Cistern and Archaeological Museum
We descend into the underground Basilica cistern, spend hours in the Archaeological Museum and end up getting lost.
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Bread, honey, olives and cucumber. Probably the most randomly assorted breakfast I have eaten in a long time. Vonne has less appetite for the olives and goes for the grapes instead, which makes this an entirely mediterranean breakfast in the hotel’s rather cosy diner slash restaurant.
The Basilica cistern
Since we’ve slept in after a long previous day and the morning is already drawing to a close, combined with the fact that today’s weather forecast is rather ominous, we decide that it would be a good idea to restrict ourselves to indoors attractions. The first candidate of which is the Basilica cistern, and the second the Archaeological Museum. Since both of these are not far from the Hagia Sophia, we head in that direction through a very light drizzle. We soon find a shop that carries fold-up umbrellas and in exchange for a few lira we are now armed against the threat of rain. It is obvious that the Turks possess a keen eye for trade, for soon the streets are flooded with salesmen offering umbrellas to passers-by.
Once we get to the Hagia Sophia, we quickly find the small building that grants access to the underground cistern. Two tickets later, we descend along a wet and slippery marble staircase into a spectacular sight in the dimly lit dark. A vast space is filled with columns standing in a pool of clear water, with fish darting to and fro. Built by emperor Justinian in order to provide the palace with a source of fresh water, as a tourguide informs us, the cistern was not discovered until a century after the Ottoman conquest of Constantinopel, when local inhabitants were spotted lowering buckets through holes in their cellar floors, bringing up both water and fish. Although we are easily able to navigate the space across modernly lit walkways constructed between the columns, it is not hard to image an Ottoman entering this underground vault for the first time, armed with naught but a torch; the sight he would have seen would be a seemingly endless gallery of columns, with the dim light of the flames dancing on the bricks of the domed ceiling.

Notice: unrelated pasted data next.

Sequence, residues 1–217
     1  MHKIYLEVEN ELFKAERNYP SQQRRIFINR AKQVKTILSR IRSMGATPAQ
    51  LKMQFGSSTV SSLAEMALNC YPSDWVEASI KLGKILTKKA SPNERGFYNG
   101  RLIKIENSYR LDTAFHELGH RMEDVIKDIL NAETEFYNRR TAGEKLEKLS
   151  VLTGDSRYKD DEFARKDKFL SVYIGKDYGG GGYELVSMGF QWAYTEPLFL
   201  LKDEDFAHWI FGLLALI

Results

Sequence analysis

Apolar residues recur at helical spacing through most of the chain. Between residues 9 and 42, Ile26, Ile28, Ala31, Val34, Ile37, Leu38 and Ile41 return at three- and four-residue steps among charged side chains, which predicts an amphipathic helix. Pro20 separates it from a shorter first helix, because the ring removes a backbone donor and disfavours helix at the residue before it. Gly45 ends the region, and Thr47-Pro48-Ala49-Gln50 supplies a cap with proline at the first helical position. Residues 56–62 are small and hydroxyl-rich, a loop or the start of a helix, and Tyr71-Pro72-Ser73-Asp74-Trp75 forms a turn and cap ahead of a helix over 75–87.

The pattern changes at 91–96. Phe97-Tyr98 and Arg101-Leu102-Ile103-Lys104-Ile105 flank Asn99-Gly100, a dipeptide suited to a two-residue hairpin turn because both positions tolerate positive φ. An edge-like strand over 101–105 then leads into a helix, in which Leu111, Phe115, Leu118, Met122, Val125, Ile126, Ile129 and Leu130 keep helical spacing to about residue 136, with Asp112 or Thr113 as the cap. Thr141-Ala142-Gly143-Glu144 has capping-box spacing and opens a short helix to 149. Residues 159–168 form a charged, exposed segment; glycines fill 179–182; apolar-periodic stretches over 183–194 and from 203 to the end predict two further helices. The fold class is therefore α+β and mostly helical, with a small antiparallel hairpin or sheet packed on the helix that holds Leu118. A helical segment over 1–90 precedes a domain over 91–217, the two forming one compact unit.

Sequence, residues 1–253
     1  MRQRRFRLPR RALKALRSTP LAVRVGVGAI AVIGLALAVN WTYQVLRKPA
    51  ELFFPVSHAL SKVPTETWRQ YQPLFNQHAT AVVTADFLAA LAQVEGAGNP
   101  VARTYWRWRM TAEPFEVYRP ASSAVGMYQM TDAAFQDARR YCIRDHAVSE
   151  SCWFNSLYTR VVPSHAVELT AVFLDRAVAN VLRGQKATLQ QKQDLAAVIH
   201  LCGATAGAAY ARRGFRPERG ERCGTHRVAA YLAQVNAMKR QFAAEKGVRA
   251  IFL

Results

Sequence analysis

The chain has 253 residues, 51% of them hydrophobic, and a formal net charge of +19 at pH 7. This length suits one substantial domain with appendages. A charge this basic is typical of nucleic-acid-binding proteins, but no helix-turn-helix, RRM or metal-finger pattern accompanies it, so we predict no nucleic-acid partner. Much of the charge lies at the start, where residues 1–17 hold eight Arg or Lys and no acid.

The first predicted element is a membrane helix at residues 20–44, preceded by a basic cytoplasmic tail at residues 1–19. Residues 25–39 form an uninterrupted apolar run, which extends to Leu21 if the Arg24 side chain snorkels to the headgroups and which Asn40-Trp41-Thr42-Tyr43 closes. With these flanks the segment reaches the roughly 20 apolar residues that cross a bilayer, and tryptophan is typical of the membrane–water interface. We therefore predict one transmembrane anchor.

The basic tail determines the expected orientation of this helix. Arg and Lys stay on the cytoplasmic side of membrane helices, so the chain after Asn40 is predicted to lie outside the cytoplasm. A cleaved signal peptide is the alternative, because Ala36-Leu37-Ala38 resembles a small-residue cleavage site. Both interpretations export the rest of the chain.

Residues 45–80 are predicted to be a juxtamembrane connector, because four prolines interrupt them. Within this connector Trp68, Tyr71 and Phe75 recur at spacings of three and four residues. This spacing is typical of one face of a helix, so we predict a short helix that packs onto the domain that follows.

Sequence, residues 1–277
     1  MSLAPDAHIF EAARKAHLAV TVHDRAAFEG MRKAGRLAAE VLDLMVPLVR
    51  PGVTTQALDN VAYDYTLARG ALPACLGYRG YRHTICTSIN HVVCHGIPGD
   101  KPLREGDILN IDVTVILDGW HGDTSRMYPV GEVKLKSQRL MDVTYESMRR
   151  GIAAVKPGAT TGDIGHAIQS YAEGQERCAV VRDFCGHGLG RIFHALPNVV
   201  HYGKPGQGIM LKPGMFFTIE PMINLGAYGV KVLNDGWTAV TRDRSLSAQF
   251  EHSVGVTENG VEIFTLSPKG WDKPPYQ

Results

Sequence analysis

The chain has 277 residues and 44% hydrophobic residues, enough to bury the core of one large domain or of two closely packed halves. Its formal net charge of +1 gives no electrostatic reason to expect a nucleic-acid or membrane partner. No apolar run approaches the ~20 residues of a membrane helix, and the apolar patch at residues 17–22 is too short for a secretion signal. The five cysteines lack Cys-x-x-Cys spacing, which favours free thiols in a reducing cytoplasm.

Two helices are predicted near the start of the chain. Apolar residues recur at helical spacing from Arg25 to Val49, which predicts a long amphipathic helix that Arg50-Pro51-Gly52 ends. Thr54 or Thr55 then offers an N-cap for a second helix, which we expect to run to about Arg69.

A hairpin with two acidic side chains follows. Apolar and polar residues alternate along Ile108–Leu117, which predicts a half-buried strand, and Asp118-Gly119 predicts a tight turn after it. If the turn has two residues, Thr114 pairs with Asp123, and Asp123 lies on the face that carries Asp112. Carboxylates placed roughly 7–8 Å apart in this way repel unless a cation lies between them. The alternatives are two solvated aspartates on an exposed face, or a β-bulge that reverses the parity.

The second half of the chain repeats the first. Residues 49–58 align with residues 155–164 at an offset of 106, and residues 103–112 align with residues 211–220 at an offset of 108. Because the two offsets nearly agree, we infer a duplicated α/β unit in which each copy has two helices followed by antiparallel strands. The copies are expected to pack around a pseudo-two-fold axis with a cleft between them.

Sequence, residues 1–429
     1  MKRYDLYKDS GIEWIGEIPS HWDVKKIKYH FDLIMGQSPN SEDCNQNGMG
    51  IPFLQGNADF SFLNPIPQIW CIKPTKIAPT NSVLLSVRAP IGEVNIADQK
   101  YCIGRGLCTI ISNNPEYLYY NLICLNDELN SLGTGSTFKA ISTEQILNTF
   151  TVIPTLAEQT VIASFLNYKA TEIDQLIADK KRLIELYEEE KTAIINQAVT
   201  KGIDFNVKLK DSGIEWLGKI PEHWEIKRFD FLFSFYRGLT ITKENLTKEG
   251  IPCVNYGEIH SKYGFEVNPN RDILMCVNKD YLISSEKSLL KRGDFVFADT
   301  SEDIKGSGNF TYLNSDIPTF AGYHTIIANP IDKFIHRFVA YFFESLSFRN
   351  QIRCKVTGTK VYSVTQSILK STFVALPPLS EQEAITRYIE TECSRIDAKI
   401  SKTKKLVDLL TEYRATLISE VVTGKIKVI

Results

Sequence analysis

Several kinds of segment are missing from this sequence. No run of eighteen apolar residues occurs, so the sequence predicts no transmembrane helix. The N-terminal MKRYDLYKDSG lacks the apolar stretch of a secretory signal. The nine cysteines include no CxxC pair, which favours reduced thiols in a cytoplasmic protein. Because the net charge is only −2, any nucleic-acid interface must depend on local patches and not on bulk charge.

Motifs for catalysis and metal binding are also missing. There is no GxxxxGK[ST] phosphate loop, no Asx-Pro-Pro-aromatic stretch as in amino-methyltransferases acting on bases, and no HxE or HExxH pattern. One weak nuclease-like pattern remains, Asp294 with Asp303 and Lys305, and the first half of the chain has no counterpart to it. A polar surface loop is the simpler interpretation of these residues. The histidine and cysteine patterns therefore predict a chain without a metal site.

Having spent some time walking around, we ascend once again to the surface. In order to still the appetite that we have built up, we take a seat in one of the many kebab restaurants for a dürüm and a coke. Invigorated by this lunch, we set out for the Archaeological Museum and find it within the fortified outer walls of the Topkapı Palace grounds.
The Archaeological Museum
Stating that the Archaeological Museum has an extensive collection would be a severe understatement. In the first building we discover Egyptian artefacts and the Mesopotamian collection. Reliefs of the Ištar Gate of Babylon, statues of the rulers of Lagaš, of Šalmaneser III and inscriptions by Sennacherib and Aššurnașirpal II, they have it all. After intensively studying everything on display, giving Vonne a crash course in Akkadian and being way too enthusiastic about a display containing cylindrical seals, we proceed to the main building.